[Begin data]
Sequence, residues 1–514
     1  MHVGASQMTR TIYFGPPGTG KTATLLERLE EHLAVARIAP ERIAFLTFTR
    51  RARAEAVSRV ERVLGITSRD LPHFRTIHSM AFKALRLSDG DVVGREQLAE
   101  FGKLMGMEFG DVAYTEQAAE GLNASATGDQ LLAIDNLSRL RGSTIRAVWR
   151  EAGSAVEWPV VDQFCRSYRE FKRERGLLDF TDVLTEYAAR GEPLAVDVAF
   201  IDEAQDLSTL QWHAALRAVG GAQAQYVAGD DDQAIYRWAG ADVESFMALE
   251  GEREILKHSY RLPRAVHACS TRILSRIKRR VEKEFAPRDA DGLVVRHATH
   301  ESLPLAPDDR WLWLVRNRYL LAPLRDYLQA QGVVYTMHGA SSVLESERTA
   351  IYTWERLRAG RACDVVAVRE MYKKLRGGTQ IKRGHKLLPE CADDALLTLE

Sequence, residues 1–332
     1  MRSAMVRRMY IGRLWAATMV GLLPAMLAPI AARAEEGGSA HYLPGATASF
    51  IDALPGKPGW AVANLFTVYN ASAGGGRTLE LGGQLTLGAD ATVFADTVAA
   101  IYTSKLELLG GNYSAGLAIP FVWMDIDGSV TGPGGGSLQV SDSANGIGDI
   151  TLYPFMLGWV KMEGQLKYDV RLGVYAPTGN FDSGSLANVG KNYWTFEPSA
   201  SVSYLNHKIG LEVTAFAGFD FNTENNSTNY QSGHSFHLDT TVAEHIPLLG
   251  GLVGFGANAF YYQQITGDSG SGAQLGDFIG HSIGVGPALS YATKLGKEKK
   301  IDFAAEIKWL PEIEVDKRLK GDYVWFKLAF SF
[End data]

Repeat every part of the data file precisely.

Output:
Sequence, residues 1–514
     1  MHVGASQMTR TIYFGPPGTG KTATLLERLE EHLAVARIAP ERIAFLTFTR
    51  RARAEAVSRV ERVLGITSRD LPHFRTIHSM AFKALRLSDG DVVGREQLAE
   101  FGKLMGMEFG DVAYTEQAAE GLNASATGDQ LLAIDNLSRL RGSTIRAVWR
   151  EAGSAVEWPV VDQFCRSYRE FKRERGLLDF TDVLTEYAAR GEPLAVDVAF
   201  IDEAQDLSTL QWHAALRAVG GAQAQYVAGD DDQAIYRWAG ADVESFMALE
   251  GEREILKHSY RLPRAVHACS TRILSRIKRR VEKEFAPRDA DGLVVRHATH
   301  ESLPLAPDDR WLWLVRNRYL LAPLRDYLQA QGVVYTMHGA SSVLESERTA
   351  IYTWERLRAG RACDVVAVRE MYKKLRGGTQ IKRGHKLLPE CADDALLTLE

Sequence, residues 1–332
     1  MRSAMVRRMY IGRLWAATMV GLLPAMLAPI AARAEEGGSA HYLPGATASF
    51  IDALPGKPGW AVANLFTVYN ASAGGGRTLE LGGQLTLGAD ATVFADTVAA
   101  IYTSKLELLG GNYSAGLAIP FVWMDIDGSV TGPGGGSLQV SDSANGIGDI
   151  TLYPFMLGWV KMEGQLKYDV RLGVYAPTGN FDSGSLANVG KNYWTFEPSA
   201  SVSYLNHKIG LEVTAFAGFD FNTENNSTNY QSGHSFHLDT TVAEHIPLLG
   251  GLVGFGANAF YYQQITGDSG SGAQLGDFIG HSIGVGPALS YATKLGKEKK
   301  IDFAAEIKWL PEIEVDKRLK GDYVWFKLAF SF